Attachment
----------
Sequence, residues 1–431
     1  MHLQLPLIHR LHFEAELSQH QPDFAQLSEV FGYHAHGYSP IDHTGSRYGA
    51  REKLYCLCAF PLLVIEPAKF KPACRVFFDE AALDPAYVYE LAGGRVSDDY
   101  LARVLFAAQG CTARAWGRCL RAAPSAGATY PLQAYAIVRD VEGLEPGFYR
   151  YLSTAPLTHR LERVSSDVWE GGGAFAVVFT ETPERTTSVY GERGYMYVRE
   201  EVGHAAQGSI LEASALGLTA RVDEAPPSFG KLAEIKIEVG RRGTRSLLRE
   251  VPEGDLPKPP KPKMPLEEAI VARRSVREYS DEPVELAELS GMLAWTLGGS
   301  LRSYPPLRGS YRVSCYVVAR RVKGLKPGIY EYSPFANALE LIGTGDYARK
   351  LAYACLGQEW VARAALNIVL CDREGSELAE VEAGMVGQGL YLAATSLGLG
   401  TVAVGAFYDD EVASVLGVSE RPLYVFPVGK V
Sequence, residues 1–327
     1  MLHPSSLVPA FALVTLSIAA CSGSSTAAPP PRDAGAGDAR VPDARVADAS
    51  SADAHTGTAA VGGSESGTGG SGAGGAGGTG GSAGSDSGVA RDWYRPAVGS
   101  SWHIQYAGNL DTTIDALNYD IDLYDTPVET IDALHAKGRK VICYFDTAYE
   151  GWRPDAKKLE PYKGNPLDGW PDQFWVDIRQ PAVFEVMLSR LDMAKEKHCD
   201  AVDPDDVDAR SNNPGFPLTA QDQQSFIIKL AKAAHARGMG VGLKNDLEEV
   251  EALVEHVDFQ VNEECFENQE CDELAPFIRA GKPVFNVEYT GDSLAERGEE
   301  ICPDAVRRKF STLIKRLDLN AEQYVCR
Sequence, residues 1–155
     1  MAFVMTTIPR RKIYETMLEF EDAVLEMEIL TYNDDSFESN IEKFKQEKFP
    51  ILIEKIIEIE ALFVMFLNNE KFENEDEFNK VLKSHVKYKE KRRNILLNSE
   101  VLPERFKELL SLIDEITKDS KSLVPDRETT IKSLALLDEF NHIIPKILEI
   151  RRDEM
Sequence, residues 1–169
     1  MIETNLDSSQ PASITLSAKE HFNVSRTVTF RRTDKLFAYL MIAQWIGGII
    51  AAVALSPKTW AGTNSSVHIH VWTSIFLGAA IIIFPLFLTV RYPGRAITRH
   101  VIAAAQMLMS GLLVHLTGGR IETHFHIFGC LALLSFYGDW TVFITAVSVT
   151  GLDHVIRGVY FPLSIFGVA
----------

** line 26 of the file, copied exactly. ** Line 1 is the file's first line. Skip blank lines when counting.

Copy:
    51  AAVALSPKTW AGTNSSVHIH VWTSIFLGAA IIIFPLFLTV RYPGRAITRH